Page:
Vinyl's nice, I agree, but I think that the consumer will ultimately trade quality for the promise of portability/accessibility and will fall for the snare of "unobtrusive" DRM (or just not be told).

Just my $0.06. Hopefully I'm wrong.

For the record, what I want to see is bands/labels/sound engineers making use of all our multi-channel surround sound technology. It's terribly interesting to listen to some items in my collection and find myself actively attending to different speakers as the sound moves and shifts across the soundstage. I just don't see this coming back (at least in this country) as the consumer is on a steady diet of crap. Oh, and I also want to see Fair Use make a comeback - specifically, the portion about being able to make a backup copy of your purchased media for yourself in the event of degredation or damage. That'd be nice.
 

d4l

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Simple there will never will be anything past cds. The music industry is too stuck to cds and anything new that does come along will be denounced as illegal and stealing as did with mp3s. Mp3 players i think is as far as we will go until the recording industries get their act together.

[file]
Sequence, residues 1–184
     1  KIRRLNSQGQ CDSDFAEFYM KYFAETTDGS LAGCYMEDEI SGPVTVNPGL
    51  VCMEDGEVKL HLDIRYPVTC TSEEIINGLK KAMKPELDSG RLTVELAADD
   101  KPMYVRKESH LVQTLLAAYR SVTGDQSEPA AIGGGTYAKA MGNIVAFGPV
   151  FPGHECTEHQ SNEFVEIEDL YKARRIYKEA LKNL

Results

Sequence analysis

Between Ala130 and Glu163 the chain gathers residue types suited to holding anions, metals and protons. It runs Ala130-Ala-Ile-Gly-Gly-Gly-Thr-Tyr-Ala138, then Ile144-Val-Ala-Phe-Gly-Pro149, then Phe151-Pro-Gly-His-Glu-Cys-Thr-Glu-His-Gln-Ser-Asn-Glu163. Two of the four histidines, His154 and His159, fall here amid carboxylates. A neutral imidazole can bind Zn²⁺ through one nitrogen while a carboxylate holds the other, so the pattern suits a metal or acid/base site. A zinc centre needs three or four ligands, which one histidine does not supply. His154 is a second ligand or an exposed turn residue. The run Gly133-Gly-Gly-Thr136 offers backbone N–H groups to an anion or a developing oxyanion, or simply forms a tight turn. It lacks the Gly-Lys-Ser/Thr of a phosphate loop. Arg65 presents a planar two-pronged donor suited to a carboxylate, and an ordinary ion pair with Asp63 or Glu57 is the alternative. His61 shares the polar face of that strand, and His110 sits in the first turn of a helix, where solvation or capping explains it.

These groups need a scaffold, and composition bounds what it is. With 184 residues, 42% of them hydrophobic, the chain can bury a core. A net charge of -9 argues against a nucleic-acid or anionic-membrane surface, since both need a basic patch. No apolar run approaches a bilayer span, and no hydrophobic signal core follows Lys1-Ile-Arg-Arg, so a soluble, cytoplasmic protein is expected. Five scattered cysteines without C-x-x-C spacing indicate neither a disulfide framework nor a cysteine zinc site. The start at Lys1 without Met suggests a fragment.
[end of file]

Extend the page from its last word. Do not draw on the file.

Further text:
paddedhawk

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I think that eventually everthing will be downloaded and saved to a hard drive. as for the file types someone needs to tell everybody about .ogg files as well as lossless files. .ogg (and .flac for lossless) are opensource formats so nobody has to play to encode or play them. (Yes you still have to pay for the music)
 

Point

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Well, crap. I just ordered four CDs from Amazon. Does that mean I'm obso1337 now?

All doking aside, um, I don't know where it'll go. I can't stand the "99 cent downloads omfg" because I can't stand having incomplete albums. If I find a song gets lost in transmission when I move all my files at once, I will spend as much time necessary to get the song. I hate it when people have like, 3 songs by a band on their iPod. I know a lot of music isn't easy to like right away and that's why people only buy a few tracks. But there are a lot of people who, like me, can't do without the whole album.

Only recently have I been interested in buying CDs (mostly ones torrented) because they're nice to have. I don't care for quality as much as good music, but CDs are a trophy and, better yet, mobile!